Muhammad al-Harrani, a father of six from Gaza diagnosed with cancer who reportedly died while waiting for a permit to enter Israel, miraculously “came back to life.” This was not the result of a miracle, but rather, just part of the tactics used by al-Harrani’s family in a bid to secure a permit for him.
Al-Harrani is currently awaiting an entry permit into Israel, so that he can undergo head surgery at Tel Aviv Sourasky Medical Center and receive radiation and chemotherapy treatment. At the end of April he was summoned to a questioning session at the Erez Crossing as part of the permit process, but the session was postponed by a week.
On the eve of Holocaust Remembrance Day, al-Harrani’s story was published. His family reported to the “Physicians for Human Rights” organization that he died. “The sick man could not withstand the wait for the permit,” claimed Ran Yaron, Director of the Occupied Territories Department who blamed the Shin Bet for adopting cruel policies against cancer patients.
However, the next day, the organization discovered that al-Harrani was still alive. Members of group estimated that his brother, who reported the death, “killed” him so he does not report to the questioning session.
“This is a rare case where a family member knowingly provided false information to the organization,” Physicians for Human Rights said. “Usually, the organization receives information from the families and from the hospitals, but in this case the information was received from the family and was not confirmed by the hospital.”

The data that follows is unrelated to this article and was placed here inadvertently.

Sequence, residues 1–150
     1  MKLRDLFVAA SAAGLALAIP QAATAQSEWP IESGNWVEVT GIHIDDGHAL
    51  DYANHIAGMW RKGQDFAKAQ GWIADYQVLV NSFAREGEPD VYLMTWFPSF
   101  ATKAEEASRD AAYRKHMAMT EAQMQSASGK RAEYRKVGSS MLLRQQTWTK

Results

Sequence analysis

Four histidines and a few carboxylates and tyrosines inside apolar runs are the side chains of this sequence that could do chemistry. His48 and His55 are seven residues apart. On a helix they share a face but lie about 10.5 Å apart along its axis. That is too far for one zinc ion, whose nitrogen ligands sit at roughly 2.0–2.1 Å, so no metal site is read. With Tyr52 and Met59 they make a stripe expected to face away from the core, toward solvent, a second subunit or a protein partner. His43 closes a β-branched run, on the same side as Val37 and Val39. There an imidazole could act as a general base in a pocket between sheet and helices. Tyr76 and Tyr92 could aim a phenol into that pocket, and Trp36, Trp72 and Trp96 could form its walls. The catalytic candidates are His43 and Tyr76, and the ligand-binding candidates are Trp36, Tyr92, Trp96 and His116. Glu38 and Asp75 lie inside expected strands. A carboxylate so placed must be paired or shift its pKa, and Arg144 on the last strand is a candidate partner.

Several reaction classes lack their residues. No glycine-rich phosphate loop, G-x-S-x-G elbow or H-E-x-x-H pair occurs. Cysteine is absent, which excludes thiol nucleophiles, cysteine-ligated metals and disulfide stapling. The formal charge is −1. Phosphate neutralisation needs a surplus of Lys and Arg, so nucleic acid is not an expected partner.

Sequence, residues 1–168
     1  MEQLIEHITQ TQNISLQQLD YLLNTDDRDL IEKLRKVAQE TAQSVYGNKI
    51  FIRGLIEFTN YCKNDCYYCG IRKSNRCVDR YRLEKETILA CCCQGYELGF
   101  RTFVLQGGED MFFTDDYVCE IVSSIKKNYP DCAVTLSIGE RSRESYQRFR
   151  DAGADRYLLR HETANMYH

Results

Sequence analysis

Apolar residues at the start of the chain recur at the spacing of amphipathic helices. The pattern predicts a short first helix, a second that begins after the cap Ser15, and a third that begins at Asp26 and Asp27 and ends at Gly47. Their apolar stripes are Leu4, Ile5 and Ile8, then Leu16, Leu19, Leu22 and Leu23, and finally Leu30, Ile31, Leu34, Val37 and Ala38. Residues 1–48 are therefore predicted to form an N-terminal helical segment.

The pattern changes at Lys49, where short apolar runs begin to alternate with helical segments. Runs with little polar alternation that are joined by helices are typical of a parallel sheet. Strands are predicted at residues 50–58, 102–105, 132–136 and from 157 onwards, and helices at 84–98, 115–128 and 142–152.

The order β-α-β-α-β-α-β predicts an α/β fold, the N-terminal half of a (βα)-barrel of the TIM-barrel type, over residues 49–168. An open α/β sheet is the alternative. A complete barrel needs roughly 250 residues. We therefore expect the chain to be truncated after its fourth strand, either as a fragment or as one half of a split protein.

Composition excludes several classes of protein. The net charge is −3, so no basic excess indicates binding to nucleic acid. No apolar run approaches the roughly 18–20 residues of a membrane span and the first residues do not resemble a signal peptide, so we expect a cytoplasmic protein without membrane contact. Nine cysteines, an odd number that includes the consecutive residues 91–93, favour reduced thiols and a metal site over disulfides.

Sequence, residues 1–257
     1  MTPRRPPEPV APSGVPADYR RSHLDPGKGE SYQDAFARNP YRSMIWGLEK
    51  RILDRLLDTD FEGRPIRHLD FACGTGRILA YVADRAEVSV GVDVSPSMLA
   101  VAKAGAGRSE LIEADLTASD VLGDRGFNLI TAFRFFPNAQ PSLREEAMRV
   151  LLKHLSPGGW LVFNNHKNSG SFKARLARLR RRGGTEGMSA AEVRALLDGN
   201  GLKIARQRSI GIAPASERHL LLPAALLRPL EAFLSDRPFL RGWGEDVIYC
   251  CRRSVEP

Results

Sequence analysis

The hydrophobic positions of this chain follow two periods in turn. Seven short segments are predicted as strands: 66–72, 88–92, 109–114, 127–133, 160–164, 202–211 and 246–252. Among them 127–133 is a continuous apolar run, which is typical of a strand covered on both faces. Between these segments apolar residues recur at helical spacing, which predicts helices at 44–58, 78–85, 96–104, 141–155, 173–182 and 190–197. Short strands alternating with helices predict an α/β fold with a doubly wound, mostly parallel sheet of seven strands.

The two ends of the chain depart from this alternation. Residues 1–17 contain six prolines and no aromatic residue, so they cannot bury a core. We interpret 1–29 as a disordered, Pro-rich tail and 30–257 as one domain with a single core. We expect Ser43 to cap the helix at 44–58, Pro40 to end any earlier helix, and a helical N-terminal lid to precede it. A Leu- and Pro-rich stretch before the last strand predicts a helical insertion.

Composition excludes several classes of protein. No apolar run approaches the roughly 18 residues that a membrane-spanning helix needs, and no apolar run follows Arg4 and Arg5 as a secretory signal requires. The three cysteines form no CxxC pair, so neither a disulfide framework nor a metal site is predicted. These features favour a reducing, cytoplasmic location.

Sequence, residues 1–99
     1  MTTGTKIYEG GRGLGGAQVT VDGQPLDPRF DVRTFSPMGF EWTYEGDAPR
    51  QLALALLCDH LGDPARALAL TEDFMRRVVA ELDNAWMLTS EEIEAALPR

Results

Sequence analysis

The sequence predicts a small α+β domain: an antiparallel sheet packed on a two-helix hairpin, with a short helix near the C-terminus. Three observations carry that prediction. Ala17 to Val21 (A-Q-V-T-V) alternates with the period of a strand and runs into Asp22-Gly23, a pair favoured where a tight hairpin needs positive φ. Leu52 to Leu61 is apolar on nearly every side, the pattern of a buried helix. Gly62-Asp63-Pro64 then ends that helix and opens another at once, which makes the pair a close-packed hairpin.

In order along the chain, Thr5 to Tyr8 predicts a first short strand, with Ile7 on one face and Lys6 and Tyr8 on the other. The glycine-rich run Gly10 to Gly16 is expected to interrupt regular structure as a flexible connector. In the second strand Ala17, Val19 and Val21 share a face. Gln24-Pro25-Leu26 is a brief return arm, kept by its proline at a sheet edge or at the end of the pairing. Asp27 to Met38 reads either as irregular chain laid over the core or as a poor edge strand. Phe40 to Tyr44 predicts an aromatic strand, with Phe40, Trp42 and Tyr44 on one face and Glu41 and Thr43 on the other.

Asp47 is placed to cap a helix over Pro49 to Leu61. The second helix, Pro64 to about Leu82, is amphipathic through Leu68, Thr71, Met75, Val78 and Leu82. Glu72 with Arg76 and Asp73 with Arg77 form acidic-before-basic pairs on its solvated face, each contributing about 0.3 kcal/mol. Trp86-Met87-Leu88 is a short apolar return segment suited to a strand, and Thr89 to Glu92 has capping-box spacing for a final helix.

Meanwhile, the Shin Bet sent the organization an angry response: “We view these harsh accusations on your part with great severity; not even a minimal inquiry into the facts was conducted.” The Shin Bet noted that due to the suspicion of his involvement in terror activities, al-Harrani was indeed called in for a security check, and it was indeed postponed by a week.
Since al-Harrani did not arrive at the questioning session, “he will have to bear the consequences or future damage that may be caused to him, in line with his refusal to cooperate in the procedure,” the Shin Bet said.
Notice the defiance of Physicians for Human Rights, who claim palestinian family members knowingly providing false information is a “rare occurrence.” They also seem to place much stock in confirmation from palestinian hospitals, despite the fact that they are also known to lie.
In contrast, Physicians for Human Rights give no such benefit of the doubt to the Shin Bet, whose policies, they claim, are cruel, despite the very valid reasons behind them. And it could very well be that in this case, al-Harrani was involved in terrorist activities, given the suspicions about him and the ruse that may have been intended to prevent him from being questioned.
Of course, this is not the first miraculous resurrection of a dead palestinian and probably won’t be the last.
See also: Snapped Shot